First, the facts:
Title: Knitting Socks with Handpainted Yarn
Author: Carol J. Sulcoski
Published by: Interweave Press, 2008
Type: Sock Patterns
1. The Road to Handpainted Happiness
2. The Patterns
Pattern Size Range: N/A
The In-Depth Look:
There are two things I really need to tell you about this book.
The first is that the explanation of the different kinds of hand-dyeing, and how to deal with them when knitting with them is, all by itself, worth the book. The second is that there are some lovely patterns in here.
So–the first thing. The first chapter. It talks (surprise, surprise) about hand-painted yarns. How was the dye put on the yarn? Randomly? Big sections? Tiny splatters? Stripes? All these are things that will affect your knitting. Is it likely to “pool”? (That is, to have different colors grouped together at about the same place on every row so that you get “chunks” of color.)
What about the colors? The author defines three classes: Nearly Solid, Muted Multis, Wild Multis, to differentiate between those skeins that have all the colors of the rainbow and the ones that discreetly range from periwinkle to ocean-blue.
Then, she gives you tips on how to avoid pooling … because some yarns are going to pool no matter what you do … unless, say, you try a different stitch pattern, or maybe a different sized needle, or use some of the other tricks she points out. Since I personally don’t like pooling in my socks, this section is one of which I am particularly fond!
Then, the second thing–the patterns. I’ll confess right here that I mostly just knit plain, toe-up, stockinette socks, so I’m not as widely versed in the subtleties of sock patterns as I could be, but there’s no question that some of these are particularly lovely.
The Longbourn Socks are inspired by the wallpaper in the BBC’s Pride & Prejudice and no only has a nice pattern, but embroidery as well. I like the Staccato socks, and that part of their intent is to give you, the knitter, a chance to use up odds and ends from other skeins. (And who doesn’t have odds and ends lying around?)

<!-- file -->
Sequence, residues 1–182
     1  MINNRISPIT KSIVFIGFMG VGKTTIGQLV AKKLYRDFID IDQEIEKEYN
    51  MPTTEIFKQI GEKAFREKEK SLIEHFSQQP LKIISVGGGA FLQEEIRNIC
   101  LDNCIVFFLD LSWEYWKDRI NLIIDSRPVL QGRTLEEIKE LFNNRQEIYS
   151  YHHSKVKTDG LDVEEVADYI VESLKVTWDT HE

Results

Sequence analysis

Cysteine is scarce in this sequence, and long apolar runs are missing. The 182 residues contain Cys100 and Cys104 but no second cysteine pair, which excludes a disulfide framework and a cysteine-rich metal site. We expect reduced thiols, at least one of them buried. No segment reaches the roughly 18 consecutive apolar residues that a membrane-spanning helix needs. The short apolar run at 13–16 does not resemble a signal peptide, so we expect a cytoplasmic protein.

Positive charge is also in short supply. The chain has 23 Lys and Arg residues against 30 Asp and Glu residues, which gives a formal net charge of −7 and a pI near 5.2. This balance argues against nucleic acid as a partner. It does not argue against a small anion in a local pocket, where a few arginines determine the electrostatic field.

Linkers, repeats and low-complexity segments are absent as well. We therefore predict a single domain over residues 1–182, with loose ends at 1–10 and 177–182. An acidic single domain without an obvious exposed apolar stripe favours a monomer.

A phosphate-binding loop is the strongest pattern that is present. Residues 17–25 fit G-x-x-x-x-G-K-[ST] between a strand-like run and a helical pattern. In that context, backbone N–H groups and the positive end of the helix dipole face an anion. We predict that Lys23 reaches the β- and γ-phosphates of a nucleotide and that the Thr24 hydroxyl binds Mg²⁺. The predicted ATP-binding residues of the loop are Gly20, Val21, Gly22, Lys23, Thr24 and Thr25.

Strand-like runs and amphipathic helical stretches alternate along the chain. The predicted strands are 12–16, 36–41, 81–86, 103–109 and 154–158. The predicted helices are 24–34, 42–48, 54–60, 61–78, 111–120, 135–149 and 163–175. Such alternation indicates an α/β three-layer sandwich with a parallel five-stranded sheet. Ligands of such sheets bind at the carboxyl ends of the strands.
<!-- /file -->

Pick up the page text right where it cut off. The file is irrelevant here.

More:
The Color Collision Socks and the Spot Check Sock actually change the direction the sock is knit–several times–to avoid pooling. I like the texture to the Herringbone Rib Socks, and I very much like the two-yarn Spot Check Sock which nicely tames the wildest of Wildly-Varied yarns. And, of course, the Flame-Thrower Socks are unlike any I’ve seen before.
Some of the others are perfectly nice patterns with a nice rib stitch, or stitches with texture, or stitches with lace–all with the intent of complimenting the handpainted yarn they’re knit with. Some have special, extra touches, like a unique way of turning the heel, or shaping the toe, but they’re not the kind of socks that make you think, “Different!” (Which, don’t get me wrong, isn’t a bad thing in a sock!) The socks on the cover are awfully reminiscent of the Jaywalker socks that swept the online knitting world a couple years ago, but, well, it’s a chevron pattern–what can you do? (grin). It IS a different pattern, it just kind of looks similar. I don’t really understand the point of the Split-Toe Sweetheart socks, either, but maybe that’s just me?
Each pattern is coded not by difficulty, but by the type of handpainted yarn you should use. (Is this pattern for a mostly-solid? Or a muted-multi? Or both?) That’s a particularly nice touch, I thought.
The photos are all good–attractive without being distracting, and without camoflauge. (Apparently none of these models ever wear shoes.) Not only are their multiple, modled pictures of all the socks, there’s a photo of the plain, flat sock next to the title. You know, so you REALLY get a look at the sock without being distracted by a petticoat hem or a dog serving as a foot rest. All the patterns are listed in the Table of Contents, which I always appreciate for the sake of later reference. The instructions look clear and simple, as do the charts and diagrams.
All in all? A very nice book about socks. And, even if the patterns were terrible (which they are NOT, by a long shot), it would still be worth looking at just for that first chapter.
This book is available at Amazon.com for $13.57.
This review copy was kindly donated by Interweave Press. Thank you!